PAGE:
Wyese, the Michigan ICU nurse, said his own hospital has been thinking about these issues for years but still is unprepared.

“They made us do all kinds of mandatory education and fittings and made it sound like they are prepared,” he said. “But when it hits the fan, they don’t have the supplies so the plans they had in place aren’t working.”

Over the weekend, Wyese said, a suspected covid-19 patient was rushed in and put into a negative pressure room to prevent the virus spread. In normal times, a nurse in full hazmat-type gear would sit with the patient to care for him, but there was little equipment to spare. So Wyese had to monitor him from the outside. Before he walked inside, he said, he would have to put on a face shield, N95 mask, and other equipment and slather antibacterial foam on his bald head as the hospital did not have any more head coverings. Only one powered air-purifying respirator or PAPR was available for the room and others nearby that could be used when performing an invasive procedure — but it was 150 feet away.

While he said his hospital’s policy still called for a full response to patients whose heart or breathing stopped, he worried any efforts would be challenging, if not futile.

“By the time you get all gowned up and double-gloved the patient is going to be dead,” he said. “We are going to be coding dead people. It is a nightmare.”

 

 

 

 

Bill Gates says we can’t restart the economy soon and simply “ignore that pile of bodies over in the corner”

https://www.vox.com/recode/2020/3/24/21192638/coronavirus-bill-gates-trump-reopen-business?fbclid=IwAR3j7XzP_Mf3i9VhZwzYk2jTesqLjr9SAtmb4B-xLy0KXaeyZ2zK4lUWjdU

Image result for Bill Gates says we can’t restart the economy soon and simply “ignore that pile of bodies over in the corner”

Bill Gates rebuked proposals, floated over the last two days by leaders like Donald Trump, to reopen the global economy despite the Covid-19 coronavirus outbreak, saying that this approach would be “very irresponsible.”

Gates did not mention Trump by name, but the American president has said that he may decide to relax some of the country’s “social distancing” in order to jumpstart the country’s shut-down economy. Gates, the country’s leading philanthropist, has been among the most active tech leaders in using his resources to try and contain the virus.

“There really is no middle ground, and it’s very tough to say to people, ‘Hey, keep going to restaurants, go buy new houses, ignore that pile of bodies over in the corner. We want you to keep spending because there’s maybe a politician who thinks GDP growth is all that counts,’” Gates said in an interview with TED Tuesday. “It’s very irresponsible for somebody to suggest that we can have the best of both worlds.”

Trump has suggested that this middle ground would indeed be possible — by letting some healthy people return to work, for instance, while keeping more vulnerable workers in their homes. Experts have said that drastic and widespread social distancing is required to keep the pandemic from spreading further. Trump has said he would make a decision at the end of the month but has said that he believes the “cure” could be worse than the “problem itself.”

Asked what he would do if he were president, Gates returned to his concerns about reopening the economy.

“The economic effect of this is really dramatic. Nothing like this has ever happened to the economy in our lifetimes,” Gates said. “But bringing the economy back … that’s more of a reversible thing than bringing people back to life. So we’re going to take the pain in the economic dimension — huge pain — in order to minimize the pain in the diseases-and-death dimension.”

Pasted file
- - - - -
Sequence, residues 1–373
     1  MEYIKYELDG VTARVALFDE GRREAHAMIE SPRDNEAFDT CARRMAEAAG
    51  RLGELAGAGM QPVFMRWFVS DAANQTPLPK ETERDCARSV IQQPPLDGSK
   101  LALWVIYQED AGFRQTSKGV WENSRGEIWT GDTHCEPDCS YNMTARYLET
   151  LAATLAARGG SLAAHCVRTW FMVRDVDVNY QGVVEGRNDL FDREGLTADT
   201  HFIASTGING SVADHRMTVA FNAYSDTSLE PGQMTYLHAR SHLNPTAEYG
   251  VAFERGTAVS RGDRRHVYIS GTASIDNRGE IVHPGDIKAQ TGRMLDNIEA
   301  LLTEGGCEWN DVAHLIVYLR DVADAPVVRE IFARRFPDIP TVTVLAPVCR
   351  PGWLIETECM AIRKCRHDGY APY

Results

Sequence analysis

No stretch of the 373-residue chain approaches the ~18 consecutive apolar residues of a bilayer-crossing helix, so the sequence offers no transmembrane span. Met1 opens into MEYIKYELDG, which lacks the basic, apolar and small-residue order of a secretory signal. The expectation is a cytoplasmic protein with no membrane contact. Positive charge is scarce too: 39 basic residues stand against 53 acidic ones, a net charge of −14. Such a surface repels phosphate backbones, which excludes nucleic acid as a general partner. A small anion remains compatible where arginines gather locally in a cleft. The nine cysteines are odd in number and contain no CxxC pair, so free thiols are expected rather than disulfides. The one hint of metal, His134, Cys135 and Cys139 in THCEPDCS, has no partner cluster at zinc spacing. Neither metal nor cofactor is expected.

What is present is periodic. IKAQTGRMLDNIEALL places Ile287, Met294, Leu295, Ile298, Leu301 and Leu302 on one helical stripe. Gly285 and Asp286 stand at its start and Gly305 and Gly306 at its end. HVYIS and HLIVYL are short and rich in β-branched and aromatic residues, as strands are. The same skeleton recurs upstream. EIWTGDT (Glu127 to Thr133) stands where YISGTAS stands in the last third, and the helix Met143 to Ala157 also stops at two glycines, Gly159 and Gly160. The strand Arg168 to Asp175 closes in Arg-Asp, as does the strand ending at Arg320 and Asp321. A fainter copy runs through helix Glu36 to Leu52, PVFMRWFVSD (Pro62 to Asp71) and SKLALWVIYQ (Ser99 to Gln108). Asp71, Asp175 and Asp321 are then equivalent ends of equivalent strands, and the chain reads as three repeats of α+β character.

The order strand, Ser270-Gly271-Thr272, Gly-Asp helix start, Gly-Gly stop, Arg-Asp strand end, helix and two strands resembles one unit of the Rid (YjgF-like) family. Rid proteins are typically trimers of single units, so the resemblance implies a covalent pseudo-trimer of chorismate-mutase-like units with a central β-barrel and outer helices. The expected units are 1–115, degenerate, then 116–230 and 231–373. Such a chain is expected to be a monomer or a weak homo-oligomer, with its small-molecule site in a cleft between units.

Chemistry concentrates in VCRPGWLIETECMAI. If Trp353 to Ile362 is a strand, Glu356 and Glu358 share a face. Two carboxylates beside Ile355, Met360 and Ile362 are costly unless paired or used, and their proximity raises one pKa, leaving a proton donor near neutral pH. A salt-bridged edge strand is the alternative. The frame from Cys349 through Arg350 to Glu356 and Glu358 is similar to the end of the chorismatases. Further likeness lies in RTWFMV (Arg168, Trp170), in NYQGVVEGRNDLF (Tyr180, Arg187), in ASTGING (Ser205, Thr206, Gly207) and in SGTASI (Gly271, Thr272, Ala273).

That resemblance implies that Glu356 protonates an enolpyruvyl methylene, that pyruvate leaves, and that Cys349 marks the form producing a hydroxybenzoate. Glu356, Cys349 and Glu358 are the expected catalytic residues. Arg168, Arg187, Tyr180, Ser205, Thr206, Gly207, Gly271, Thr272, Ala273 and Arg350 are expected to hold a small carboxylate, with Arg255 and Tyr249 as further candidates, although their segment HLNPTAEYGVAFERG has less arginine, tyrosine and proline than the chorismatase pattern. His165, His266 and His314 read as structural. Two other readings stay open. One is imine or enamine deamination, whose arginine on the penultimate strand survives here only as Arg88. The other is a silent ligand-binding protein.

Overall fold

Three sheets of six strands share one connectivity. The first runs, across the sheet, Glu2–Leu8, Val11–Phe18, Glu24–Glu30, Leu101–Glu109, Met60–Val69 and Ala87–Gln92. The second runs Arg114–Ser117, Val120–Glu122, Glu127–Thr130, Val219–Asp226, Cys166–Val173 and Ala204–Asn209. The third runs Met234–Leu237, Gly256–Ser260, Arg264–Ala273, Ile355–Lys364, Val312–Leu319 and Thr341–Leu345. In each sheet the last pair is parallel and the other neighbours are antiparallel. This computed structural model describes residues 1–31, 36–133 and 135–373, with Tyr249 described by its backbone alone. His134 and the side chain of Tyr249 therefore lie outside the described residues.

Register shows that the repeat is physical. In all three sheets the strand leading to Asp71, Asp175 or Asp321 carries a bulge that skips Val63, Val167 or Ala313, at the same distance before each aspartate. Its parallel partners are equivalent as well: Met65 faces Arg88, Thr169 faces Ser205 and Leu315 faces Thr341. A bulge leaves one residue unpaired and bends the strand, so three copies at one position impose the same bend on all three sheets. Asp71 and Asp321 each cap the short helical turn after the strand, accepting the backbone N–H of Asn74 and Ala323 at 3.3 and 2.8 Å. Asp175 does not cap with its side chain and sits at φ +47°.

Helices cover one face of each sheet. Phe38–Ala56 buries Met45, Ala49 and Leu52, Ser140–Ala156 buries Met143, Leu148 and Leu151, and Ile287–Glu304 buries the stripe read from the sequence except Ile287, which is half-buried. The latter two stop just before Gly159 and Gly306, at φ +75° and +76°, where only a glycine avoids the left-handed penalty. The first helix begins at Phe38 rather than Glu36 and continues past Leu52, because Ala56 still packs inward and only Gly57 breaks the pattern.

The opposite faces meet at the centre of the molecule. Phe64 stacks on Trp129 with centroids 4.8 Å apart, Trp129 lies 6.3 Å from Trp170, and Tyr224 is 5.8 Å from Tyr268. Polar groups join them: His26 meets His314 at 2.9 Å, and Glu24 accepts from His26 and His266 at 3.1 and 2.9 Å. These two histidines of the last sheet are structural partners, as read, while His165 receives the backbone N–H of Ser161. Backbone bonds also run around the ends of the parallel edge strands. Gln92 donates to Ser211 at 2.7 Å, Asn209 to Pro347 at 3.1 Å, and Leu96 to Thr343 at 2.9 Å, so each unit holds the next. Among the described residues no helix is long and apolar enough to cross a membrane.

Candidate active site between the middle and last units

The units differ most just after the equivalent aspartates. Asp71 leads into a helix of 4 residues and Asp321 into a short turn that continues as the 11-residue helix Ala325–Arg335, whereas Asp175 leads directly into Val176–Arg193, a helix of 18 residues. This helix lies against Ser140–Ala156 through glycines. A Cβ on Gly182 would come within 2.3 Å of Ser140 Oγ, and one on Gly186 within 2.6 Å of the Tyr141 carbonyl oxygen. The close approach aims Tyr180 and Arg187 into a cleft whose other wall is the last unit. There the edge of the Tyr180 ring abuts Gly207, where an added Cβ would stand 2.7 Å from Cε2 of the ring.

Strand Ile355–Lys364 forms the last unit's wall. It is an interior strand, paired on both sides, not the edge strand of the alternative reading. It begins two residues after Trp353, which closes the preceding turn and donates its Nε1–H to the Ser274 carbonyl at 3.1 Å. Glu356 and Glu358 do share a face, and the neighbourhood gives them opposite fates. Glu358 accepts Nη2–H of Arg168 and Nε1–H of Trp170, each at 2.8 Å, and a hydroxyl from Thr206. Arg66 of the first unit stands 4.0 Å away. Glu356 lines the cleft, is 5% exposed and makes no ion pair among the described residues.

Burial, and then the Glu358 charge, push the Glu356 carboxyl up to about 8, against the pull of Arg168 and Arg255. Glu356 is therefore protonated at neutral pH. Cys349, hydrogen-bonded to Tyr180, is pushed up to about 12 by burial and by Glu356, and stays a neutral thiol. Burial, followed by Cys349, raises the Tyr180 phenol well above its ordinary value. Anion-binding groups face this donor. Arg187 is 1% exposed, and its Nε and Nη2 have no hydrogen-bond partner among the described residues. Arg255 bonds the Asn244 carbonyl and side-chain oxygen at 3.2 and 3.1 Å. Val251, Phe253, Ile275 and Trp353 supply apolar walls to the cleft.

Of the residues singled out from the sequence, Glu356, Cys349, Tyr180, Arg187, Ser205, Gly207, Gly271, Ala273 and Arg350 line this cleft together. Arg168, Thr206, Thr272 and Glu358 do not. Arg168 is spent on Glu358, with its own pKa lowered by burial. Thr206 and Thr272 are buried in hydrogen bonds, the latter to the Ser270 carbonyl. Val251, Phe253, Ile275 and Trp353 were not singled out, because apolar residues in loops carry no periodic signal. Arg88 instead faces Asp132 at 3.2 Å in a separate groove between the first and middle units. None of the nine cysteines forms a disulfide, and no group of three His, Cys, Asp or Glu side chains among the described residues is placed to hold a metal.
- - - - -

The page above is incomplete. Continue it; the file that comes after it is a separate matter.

The Bill and Melinda Gates Foundation has put up $100 million for programs to fund testing and science around the pandemic, and he has begun using his public profile, too, to shape the coronavirus conversation. This month, Gates himself resigned from the board of Microsoft, which he founded, and is now effectively a full-time philanthropist — and the country’s most famous one.

And Gates has tried to cast himself as an optimist. He has said that the social distancing measures might need to last as little as six weeks, but said that “we have no choice,” despite the economic impacts.

“It’s disastrous for the economy,” Gates said. But “the sooner you do it in a tough way, the sooner you can undo it and go back to normal.”

 

 

 

High-priced specialty drugs: Exposing the flaws in the system

https://theconversation.com/high-priced-specialty-drugs-exposing-the-flaws-in-the-system-129598

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My husband, Andy, has Parkinson’s disease. A year ago, his neurologist recommended a new pill that he was to take at bedtime. We quickly learned that the medication would cost US$1,300 for a one-month supply of 30 pills. In addition, Andy could obtain the drug from only one specialty pharmacy and would have to use mail order.

This was our introduction to specialty drugs.

These medications are becoming increasingly common, though many Americans are unfamiliar with the term. In 2018, the Food and Drug Administration approved 59 new medications, of which 39 are considered specialty drugs.

Specialty drugs are generally high-cost drugs requiring special handling such as refrigeration or injection, though Andy’s did not. They treat complex conditions such as cancer and multiple sclerosis.

Specialty drugs are often available only through specialty pharmacies. In addition to filling prescriptions, these outlets provide educational and support services to patients. For example, they provide refill reminders and help patients learn how to inject their drugs.